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Former Los Angeles County Sheriff’s Department Sgt. Walter Bouman Has New Career Educating Law Enforcement about White Supremacist Groups

Walter Bouman, a retired California law enforcement officer who lectures at schools nationwide, offers tips about youth and hate.

For more than 10 years, Los Angeles County Sheriff's Department Sgt. Walter Bouman interviewed virtually every white supremacist to come through Central Jail. After officials flagged the detainees because of tattoos or the nature of their alleged crimes, Bouman would pull each inmate aside and slowly begin a conversation. "We have all day, and I'm not leaving," he would tell his reluctant charges.

Bouman had an ability to size up and relate to these suspects and it wasn't long before many of the most hardened hate criminals began talking. Bouman's skills proved highly useful. He gave classes to the county's jail deputies and juvenile facility officers on how best to treat racist prisoners and later worked with the district attorney's office, traveling throughout the county training law enforcement officers on similar topics.

In 2000, after a 33-year career, Bouman retired. But he wasn't finished. Since then, he has developed a career educating law enforcement agencies, schools and communities about hate violence, domestic terrorism and youth. He has taught everything from hate crime investigation for members of the county sheriff's gang unit to how to deal with bullying for California's Department of Education.

Traveling around the nation, Bouman has lectured in approximately 500 school districts, for the National School Safety Center, and for the Department of Homeland Security. He is also on the advisory board of the Southern Poverty Law Center's online hate crime training program for law enforcement officers.

In an interview with the Intelligence Report, Bouman focused on youthful white supremacists.

INTELLIGENCE REPORT: How do white supremacist groups recruit the young?

WALTER BOUMAN: Their members go into schools and watch the kids. One method they employ is to go onto a campus and seek out two diverse groups, the exceptionally intelligent kids and the noticeably weak ones. As a group, young white supremacists are well rounded — you have some A students, athletes, computer geeks, and the D students. The groups are also recruiting more girls.

To build up a group, young white recruits sometimes will do something to the black students, if it's a majority white school. Wherever the black kids sit, the supremacists will put a swastika or the N-word or something offensive in a visible spot. For example, if there is a new black teacher they will put a swastika on that teacher's classroom door.

What they try to do is get the black students upset so that they'll attack some of the weaker whites. When the white students are attacked, then the racist gangs will come in and assist the weaker ones, putting them under the gang's protection.

The reason they want these weaker kids is because they are easily influenced to do something for "the cause." The groups cause trouble on campuses to see what they can get out of it and to help recruit those kids who are being picked on — when it comes to recruitment they're always looking for the kids being harassed.

IR: Have you ever made a criminal case out of a situation like this?

BOUMAN: In a middle school in Los Angeles. It happened about two years ago. There was a group of juveniles who had formed a white supremacist Skinhead group, and they decided that they wanted to get some other people to join. They didn't like the fact that the demographics around them were changing, that black students were coming to their school and that they had a new black teacher.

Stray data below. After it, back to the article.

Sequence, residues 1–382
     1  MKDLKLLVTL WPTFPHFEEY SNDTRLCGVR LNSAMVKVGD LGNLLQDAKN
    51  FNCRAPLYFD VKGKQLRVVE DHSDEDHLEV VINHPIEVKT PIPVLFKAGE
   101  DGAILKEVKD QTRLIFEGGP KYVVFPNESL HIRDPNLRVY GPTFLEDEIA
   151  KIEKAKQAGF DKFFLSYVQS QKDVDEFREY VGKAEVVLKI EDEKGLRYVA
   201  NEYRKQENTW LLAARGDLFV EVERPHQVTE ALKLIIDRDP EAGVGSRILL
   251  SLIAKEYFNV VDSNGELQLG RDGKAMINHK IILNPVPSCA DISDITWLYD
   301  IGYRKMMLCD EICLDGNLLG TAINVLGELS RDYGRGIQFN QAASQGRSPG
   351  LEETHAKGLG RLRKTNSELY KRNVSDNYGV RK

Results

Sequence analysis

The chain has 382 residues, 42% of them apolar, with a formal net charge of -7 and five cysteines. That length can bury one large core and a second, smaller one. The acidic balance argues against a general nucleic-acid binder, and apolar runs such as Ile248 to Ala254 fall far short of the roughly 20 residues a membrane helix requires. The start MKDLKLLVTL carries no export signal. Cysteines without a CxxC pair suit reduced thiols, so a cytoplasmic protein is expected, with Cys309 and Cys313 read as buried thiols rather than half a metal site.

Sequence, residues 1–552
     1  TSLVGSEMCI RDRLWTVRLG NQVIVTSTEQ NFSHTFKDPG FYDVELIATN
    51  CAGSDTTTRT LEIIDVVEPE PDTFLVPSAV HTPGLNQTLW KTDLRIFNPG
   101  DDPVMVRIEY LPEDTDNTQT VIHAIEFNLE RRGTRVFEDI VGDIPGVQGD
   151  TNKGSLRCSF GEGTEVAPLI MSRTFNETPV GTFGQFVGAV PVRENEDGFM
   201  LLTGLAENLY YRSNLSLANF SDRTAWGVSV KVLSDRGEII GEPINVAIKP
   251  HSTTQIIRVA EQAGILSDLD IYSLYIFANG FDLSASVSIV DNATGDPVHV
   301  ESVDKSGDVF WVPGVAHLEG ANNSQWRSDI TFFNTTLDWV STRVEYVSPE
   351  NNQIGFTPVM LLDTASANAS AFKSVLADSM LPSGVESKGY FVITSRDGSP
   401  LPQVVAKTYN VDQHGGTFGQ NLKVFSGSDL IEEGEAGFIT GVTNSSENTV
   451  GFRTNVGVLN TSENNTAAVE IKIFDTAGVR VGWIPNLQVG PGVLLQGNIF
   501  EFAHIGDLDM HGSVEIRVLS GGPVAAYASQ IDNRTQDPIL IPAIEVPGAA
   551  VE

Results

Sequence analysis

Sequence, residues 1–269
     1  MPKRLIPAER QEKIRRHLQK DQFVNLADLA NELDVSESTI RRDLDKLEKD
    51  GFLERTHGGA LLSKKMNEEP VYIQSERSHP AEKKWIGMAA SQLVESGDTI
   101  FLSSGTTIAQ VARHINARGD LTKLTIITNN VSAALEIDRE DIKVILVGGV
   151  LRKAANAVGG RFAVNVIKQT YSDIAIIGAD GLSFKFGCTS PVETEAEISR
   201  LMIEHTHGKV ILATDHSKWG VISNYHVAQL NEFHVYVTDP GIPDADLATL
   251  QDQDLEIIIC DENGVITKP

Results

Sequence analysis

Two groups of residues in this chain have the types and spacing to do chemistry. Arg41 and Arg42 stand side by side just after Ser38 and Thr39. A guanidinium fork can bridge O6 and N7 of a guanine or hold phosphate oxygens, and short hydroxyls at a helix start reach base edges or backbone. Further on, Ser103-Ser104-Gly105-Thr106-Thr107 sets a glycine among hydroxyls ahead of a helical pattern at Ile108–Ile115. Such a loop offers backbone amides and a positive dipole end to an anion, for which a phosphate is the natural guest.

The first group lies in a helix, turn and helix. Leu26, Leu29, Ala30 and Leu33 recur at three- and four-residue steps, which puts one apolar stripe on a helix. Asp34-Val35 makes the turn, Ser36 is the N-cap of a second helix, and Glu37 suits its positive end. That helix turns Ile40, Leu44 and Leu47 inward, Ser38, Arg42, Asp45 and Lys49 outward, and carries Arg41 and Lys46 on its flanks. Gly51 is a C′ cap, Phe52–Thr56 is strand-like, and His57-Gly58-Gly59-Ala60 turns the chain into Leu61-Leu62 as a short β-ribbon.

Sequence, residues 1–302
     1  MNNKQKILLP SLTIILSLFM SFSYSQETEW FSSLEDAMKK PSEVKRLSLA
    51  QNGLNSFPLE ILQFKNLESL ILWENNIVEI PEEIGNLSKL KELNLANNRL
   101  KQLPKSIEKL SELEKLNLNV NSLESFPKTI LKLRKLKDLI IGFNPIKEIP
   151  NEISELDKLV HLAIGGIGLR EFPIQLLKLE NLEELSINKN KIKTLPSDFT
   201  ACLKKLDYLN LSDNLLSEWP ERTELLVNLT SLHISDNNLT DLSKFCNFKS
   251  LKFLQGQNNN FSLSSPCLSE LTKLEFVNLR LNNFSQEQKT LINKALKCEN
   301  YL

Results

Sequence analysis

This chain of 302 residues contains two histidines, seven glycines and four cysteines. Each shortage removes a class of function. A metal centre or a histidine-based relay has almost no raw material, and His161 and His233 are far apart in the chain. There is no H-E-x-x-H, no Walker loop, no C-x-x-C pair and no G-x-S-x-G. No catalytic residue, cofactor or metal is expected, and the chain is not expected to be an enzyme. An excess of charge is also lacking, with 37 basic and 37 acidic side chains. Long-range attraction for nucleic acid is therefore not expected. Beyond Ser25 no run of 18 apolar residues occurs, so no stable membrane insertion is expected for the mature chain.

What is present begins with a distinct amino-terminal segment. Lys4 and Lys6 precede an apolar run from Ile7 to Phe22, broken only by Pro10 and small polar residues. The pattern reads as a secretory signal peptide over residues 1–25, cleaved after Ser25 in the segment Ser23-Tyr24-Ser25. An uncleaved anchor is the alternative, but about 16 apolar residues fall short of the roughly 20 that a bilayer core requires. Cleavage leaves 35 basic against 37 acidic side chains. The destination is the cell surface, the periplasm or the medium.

So as these black kids went home — in a certain direction, out of a certain gate, down certain streets — the white group was putting this racist graffiti up along the same path. It was a message of hate to the black kids.

Prosecutors got a case going against the gang — a great case, because we actually got them for a hate crime. They were only doing this where the black kids sat or walked. It was hate.

IR: You mentioned especially targeting smart kids.

BOUMAN: When you listen to leaders like Matthew Hale [the leader of the neo-Nazi World Church of the Creator, convicted this May of soliciting the murder of a federal judge], Tom Metzger [a former Klan leader and key supporter and one-time recruiter of young racist Skinheads] or David Lane [a white supremacist ideologue imprisoned for his role in the 1984 machine-gun murder of a Jewish radio talk show host in Denver], their whole thing is that they want the kids who follow them going to college.

They've tried going to colleges to recruit, but the kids there were already beyond their capacity to manipulate. Now they are going into high schools, middle schools and even some grammar schools because the smart kids there are still very open to ideological influences.

IR: Doesn't that set off alarm bells at these schools?

BOUMAN: The schools can't turn kids away just because they're racists. If they see swastikas or offensive clothing, they can make them change clothes and not allow them to put these symbols on their books. But they can't keep them from coming into school.

You can admonish them for publicly expressing slurs, but you can't keep them from talking about their beliefs in private.

IR: How does recruitment on the streets, as opposed to in the schools, work?

BOUMAN: It's the same as in the schools — hate group recruitment works best when you have the demographics of a changing community.

Recruiting often takes place much more publicly than you'd expect — and this is something that police officers can take advantage of. For example, in Orange County, for years you could go down to a local beach city and see the racist white kids sitting in a parking lot off the main street, about two blocks from the pier. A business owner allowed them to gather in the parking lot because he thought that if he didn't they would damage his building.

The police couldn't very well say, "Hey, don't let them do this." Instead, officers would go out there and get to know these kids. They didn't harass them as long as they didn't harass other people or break any laws. That way they kept them off the street. They'd gather, wearing their garb and talking about their beliefs. There'd be 20 or 30 kids, even more if outsiders were talking to them.